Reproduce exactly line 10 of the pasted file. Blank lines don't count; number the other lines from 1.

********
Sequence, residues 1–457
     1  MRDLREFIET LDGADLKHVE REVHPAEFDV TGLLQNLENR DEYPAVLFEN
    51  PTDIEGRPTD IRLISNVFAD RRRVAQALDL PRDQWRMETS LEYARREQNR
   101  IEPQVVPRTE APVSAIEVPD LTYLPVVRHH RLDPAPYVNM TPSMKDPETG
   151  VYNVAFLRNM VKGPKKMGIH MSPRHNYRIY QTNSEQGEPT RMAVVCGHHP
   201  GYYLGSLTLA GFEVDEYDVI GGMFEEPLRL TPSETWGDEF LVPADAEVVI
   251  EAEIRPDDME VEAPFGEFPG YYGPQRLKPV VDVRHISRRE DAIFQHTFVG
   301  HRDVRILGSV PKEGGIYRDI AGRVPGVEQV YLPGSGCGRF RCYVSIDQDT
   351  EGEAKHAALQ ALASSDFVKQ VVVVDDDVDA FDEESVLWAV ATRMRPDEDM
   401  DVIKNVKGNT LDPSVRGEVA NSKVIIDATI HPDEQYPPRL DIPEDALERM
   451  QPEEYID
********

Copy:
   401  DVIKNVKGNT LDPSVRGEVA NSKVIIDATI HPDEQYPPRL DIPEDALERM